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bidt as a guest on Deutschlandfunk’s “Systemfragen” podcast

Germans still prefer to use cash as their primary means of payment more than any other country in Europe. Moreover, card payments are still not accepted in many places. In an interview with Deutschlandfunk's "Systemfragen" podcast, Dr Roland A. Stürz discusses possible reasons and solutions. Paying with cash is a small part of the fundamental problems in Germany when it comes to digitalisation.

bidt im Podcast Systemfragen des Deutschlandfunks
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The 29 February 2024 edition of Deutschlandfunk’s “Systemfragen” podcast looks at Germans’ love of cash. Digital money transactions are much less common in Germany than in other European countries. Germany is also only in the middle of the European field when it comes to other digitalisation issues. But why is that? Are Germans fundamentally more sceptical about digitalisation than other countries?

Dr Roland A. Stürz, Head of the Think Tank at bidt, uses selected results from the Digitalbarometer.international data survey to provide an approach to discussing these questions. It cannot be said across the board that Germany is critical of digitalisation. Although the use of cash and landline telephones is still much more common in Germany than in other countries, according to the study, the respondents’ attitudes towards digitalisation were positive in an international comparison. For example, respondents see digitalisation and AI as an opportunity rather than a risk, and significantly more often than in other countries. In addition, 6 out of 10 respondents believe that too little attention is paid to the topic of digitalisation.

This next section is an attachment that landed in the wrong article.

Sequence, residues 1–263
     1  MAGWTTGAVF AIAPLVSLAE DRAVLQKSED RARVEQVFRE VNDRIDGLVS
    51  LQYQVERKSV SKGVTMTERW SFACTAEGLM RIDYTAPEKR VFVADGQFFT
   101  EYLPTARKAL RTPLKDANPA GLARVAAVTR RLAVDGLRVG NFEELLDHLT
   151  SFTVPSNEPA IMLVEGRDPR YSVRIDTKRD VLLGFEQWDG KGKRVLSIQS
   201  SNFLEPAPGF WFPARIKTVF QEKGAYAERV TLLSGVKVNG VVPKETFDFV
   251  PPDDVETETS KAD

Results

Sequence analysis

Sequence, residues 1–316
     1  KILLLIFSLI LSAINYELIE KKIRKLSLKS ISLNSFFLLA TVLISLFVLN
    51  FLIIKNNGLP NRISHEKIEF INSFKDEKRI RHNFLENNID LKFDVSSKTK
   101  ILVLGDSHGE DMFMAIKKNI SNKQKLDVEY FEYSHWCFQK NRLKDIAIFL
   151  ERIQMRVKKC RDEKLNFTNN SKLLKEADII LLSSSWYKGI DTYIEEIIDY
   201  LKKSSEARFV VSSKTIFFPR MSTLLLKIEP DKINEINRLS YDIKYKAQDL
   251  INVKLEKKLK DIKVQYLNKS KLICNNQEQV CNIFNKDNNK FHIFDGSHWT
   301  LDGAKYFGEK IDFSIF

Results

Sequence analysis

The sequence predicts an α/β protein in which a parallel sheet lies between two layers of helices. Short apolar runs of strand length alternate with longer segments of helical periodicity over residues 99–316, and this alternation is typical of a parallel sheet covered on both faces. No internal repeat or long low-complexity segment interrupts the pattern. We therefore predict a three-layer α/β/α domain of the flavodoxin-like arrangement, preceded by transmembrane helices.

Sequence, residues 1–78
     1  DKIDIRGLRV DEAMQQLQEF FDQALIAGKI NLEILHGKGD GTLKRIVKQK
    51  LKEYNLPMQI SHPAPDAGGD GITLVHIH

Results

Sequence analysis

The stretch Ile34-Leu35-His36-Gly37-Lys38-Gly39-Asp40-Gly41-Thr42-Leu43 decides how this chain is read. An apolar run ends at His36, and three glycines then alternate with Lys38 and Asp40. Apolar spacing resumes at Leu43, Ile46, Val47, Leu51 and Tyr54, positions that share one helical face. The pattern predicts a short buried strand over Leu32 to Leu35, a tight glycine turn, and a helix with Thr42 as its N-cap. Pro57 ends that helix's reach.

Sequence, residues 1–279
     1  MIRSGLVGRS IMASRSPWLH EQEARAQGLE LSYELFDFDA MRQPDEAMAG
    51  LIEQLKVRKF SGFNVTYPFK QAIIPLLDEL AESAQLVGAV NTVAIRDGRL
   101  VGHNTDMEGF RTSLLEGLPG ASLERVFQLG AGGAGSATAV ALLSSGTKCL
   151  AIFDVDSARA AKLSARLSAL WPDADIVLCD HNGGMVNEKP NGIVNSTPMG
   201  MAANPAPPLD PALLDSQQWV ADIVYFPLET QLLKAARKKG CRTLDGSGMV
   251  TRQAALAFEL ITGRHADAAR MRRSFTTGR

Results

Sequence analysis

Digitalisation is a task for society as a whole

In contrast to attitudes, however, Germany scores poorly in terms of digital skills. In the Digitalbarometer.international skills test, respondents in Germany scored an average of just 55 out of a possible 100 points, placing them in the bottom group. However, according to Dr Roland A. Stürz, these figures should be viewed in a differentiated manner. It is striking that the “digitally left behind” scored particularly poorly: The digital skills of older people, for example, are considerably worse in Germany than in other countries. This digital divide must be overcome to achieve a digital transformation.

An important step would be to include everyone and make digitalisation a task for society as a whole. This is only possible by creating contact points in all areas of everyday life for all population groups. The data shows that positive user experiences lead to a more positive attitude. Expanding the options for paying by debit or credit card is, therefore, a small but effective step towards advancing digitalisation in Germany.